The impact of colonoscopy for colorectal cancer screening
Surgical Endoscopy, 05/21/2012Alberti LR et al.
The results of this investigation revealed a significant incidence of colonoscopic alterations in asymptomatic people submitted to colonoscopy for colorectal cancer screening.
A prospective study was undertaken on 153 consecutive asymptomatic people submitted to colonoscopy.
Sex, age, previous diseases, and familial cases of cancer, as well as tobacco and alcohol ingestion were assessed.
Patients with rectal macro– or microscopic bleeding and colorectal diseases were excluded.
Bowel cleansing, polyps, angioectasias, diverticular disease, inflammation, and neoplasm were also verified.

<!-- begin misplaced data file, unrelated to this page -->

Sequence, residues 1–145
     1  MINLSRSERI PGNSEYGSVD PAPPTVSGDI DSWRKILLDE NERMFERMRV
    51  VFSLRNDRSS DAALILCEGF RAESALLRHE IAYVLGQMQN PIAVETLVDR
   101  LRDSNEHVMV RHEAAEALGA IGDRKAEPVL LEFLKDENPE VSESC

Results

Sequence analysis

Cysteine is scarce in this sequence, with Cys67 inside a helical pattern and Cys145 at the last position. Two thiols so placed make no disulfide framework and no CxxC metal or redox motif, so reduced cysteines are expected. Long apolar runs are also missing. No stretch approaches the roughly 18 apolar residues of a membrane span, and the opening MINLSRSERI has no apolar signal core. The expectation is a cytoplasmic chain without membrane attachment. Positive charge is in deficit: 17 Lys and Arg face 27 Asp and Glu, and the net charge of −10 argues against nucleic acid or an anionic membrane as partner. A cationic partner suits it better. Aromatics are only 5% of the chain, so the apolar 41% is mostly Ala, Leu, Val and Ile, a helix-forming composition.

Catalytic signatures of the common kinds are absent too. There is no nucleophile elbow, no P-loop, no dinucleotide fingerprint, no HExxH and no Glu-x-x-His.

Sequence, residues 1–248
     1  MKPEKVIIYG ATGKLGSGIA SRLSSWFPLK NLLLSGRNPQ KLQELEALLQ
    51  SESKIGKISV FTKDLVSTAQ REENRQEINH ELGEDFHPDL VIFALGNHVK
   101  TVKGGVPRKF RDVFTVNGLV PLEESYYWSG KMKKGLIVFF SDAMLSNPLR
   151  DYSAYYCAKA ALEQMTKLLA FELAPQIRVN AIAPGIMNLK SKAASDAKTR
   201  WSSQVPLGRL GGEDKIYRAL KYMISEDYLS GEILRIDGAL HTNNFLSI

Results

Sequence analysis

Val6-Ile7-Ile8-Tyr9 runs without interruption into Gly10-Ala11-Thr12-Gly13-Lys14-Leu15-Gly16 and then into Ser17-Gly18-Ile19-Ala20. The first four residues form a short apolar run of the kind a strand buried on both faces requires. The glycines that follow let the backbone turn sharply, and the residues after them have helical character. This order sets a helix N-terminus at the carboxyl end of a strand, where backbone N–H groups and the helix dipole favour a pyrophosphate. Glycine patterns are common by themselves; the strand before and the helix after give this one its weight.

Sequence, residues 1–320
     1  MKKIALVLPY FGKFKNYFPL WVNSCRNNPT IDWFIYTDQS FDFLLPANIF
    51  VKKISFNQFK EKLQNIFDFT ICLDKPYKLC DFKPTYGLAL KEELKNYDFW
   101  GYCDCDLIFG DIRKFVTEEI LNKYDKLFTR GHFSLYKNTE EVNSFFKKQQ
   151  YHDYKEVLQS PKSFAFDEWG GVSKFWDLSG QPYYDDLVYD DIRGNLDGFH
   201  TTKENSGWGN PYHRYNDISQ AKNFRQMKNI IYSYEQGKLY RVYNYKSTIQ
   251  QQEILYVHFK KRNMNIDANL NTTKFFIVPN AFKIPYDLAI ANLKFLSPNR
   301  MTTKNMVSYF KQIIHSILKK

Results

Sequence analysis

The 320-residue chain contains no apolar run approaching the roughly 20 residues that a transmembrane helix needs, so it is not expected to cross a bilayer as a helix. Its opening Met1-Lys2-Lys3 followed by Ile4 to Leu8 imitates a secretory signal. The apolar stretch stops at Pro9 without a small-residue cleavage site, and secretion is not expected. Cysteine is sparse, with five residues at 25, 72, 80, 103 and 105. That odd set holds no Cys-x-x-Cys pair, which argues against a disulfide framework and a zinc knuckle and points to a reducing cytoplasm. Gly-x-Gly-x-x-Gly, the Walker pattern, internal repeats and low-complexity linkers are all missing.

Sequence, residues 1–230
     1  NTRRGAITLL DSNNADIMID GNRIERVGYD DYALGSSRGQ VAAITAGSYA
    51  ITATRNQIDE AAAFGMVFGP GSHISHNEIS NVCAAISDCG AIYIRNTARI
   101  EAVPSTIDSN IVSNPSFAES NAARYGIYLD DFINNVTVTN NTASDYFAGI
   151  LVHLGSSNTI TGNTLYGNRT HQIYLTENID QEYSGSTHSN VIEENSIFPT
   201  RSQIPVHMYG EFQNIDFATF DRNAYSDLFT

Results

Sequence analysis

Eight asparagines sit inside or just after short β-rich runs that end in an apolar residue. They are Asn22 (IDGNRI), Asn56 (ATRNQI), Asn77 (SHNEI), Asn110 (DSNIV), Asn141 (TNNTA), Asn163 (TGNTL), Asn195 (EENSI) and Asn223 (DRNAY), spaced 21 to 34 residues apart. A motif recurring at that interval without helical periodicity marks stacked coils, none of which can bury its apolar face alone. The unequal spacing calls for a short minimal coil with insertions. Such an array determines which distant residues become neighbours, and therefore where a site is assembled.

Polyps were classified according to their size, number, and location.
Colonoscopic alterations were detected in 99 individuals: polyps in 64.3 %, diverticular disease in 27.9 %, inflammatory mucosal alterations in 9.7 %, melanosis coli in 2.6 %, and angioectasias in 7.8 %.
There was an increasing incidence of polyps in individuals older than 50 years.
Multivariate logistic regression showed age and sex as predictive factors for polyps [odds ratio (OR) = 1.43; 1.19 < OR < 2.67].
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